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Companies Cannot Set Their Own Workers’ Compensation Rules, Oklahoma Decides

On Behalf of | Oct 6, 2016 | Georgia Workers' Compensation |

Lawmakers in Oklahoma passed legislation three years ago that gave companies the ability to “opt out” of the state’s workers’ compensation system and write their own plans. It was yet another example of the gradual whittling away of injured workers’ rights across the country. Large companies were emboldened by this success and began lobbying heavily for similar measures in other states, including Georgia.

Then came the stories about how unfair this opt-out system was for workers. Suddenly, employers were responsible for setting the terms of which injuries they would cover and which they would not. Workers were held to varying standards about when they had to report their workplace injuries. Some were given a month, others just a day. A worker at one company might be paid a certain amount for a finger amputation, while another might receive far less. Many workers were having to rely on taxpayer-funded programs, such as Medicare, Medicaid, and Social Security, to cover the cost of their work-related injuries.

Now, the Oklahoma Supreme Court has ended the opt-out program in that state. In Vasquez v. Dillard’s, the court declared Oklahoma’s version of opt-out unconstitutional. The court reasoned these opt-out plans treated one group of workers differently from all others in the state. The primary example given was the amount of time workers had to report claims at this retail store:  just one day. Normally, workers in the state have 30 days.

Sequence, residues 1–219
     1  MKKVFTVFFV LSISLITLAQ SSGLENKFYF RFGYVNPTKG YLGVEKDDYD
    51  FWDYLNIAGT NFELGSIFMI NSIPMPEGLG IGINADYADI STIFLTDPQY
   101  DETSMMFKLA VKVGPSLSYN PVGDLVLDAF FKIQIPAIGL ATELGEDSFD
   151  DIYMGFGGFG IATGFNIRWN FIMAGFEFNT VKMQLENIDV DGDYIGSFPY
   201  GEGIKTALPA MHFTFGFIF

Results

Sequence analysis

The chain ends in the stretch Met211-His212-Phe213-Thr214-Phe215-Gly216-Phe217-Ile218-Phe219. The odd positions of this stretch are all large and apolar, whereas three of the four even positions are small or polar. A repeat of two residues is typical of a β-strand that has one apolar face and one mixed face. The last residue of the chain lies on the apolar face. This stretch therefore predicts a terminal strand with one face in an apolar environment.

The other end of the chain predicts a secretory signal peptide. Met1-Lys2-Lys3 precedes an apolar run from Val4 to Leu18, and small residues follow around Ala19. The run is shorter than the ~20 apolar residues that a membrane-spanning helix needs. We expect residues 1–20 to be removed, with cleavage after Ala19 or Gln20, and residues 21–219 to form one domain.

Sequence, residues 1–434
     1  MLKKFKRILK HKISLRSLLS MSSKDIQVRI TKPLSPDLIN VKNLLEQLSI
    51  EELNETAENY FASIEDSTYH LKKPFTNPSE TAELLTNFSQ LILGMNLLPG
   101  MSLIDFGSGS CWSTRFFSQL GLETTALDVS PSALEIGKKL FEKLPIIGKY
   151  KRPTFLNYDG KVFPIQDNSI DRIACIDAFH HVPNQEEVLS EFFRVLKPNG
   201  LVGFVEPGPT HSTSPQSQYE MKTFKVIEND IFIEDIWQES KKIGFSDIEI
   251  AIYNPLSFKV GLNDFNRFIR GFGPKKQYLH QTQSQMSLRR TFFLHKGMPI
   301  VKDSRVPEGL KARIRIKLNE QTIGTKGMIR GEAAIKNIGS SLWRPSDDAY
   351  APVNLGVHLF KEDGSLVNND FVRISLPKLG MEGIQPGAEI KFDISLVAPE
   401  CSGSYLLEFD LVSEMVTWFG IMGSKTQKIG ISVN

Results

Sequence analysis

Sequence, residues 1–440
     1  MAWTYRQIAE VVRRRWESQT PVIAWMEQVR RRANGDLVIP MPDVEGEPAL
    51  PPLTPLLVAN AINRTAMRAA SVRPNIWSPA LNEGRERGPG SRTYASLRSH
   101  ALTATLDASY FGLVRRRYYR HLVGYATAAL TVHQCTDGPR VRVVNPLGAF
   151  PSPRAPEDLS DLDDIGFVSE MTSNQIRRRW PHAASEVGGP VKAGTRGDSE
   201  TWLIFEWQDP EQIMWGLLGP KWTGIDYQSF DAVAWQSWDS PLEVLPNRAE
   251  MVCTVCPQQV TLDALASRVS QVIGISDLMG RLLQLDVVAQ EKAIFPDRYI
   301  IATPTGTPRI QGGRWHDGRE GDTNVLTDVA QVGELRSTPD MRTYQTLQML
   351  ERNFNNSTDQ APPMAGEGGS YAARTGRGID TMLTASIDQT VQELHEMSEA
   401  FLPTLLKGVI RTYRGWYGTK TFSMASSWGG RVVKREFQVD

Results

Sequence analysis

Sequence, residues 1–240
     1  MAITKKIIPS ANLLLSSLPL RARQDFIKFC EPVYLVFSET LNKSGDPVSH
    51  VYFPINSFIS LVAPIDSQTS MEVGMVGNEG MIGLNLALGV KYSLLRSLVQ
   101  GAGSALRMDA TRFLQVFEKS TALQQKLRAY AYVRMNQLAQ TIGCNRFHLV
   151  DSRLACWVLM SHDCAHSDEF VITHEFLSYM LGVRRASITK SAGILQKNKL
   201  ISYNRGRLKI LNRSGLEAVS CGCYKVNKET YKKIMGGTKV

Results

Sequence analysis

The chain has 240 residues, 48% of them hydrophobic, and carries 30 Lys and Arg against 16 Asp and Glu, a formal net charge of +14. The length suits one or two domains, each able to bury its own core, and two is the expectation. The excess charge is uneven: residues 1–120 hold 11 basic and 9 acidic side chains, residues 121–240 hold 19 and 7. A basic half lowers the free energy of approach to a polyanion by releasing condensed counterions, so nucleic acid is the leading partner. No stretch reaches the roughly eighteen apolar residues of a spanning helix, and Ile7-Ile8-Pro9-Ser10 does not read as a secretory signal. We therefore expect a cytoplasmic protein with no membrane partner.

Although Oklahoma has made it clear it will no longer tolerate this type of imbalanced system, it’s probably not the end of the battle. In fact, Bill Minick, the Texas attorney whose firm was responsible for drafting the majority of the opt-out plans in Oklahoma (and half in his home state, which also offers an opt-out provision), said the ruling is only specific to Oklahoma’s constitution. He said there was no reason to believe that alternative workers’ compensation plans couldn’t or shouldn’t be pushed in other states. He opined that such plans “provide better care and benefits” to workers who are injured on the job, while simultaneously decreasing insurance premiums for employers.

Extensive reporting by ProPublica and NPR disputes this assertion. In fact, Minick and numerous deep-pocketed companies have reportedly been on a very concerted effort to push this opt-out system in states across the country – starting with the South – even though these alternatives universally offer lower benefits, higher restrictions, and almost no independent oversight.

For example, in Texas, where the opt-out plans are still legal, workers’ compensation plans cut off medical care after just two years. Meanwhile, most workers’ compensation plans across the country (save for a few that have begun passing arbitrary cut-offs) offer lifetime medical care when it’s warranted. Also, most of those opt-out plans give an upfront list of all the conditions they refuse to cover. This could be anything from wheelchair vans to assaults on the job to asbestos exposure – things that would typically be covered under traditional workers’ compensation plans.

The reality is that when employers have near-total control over the medical and legal process in work injury claims, the results are going to be skewed against the workers.

For information on Atlanta workers’ compensation, contact J. Franklin Burns, P.C., at 1-404-920-4708 .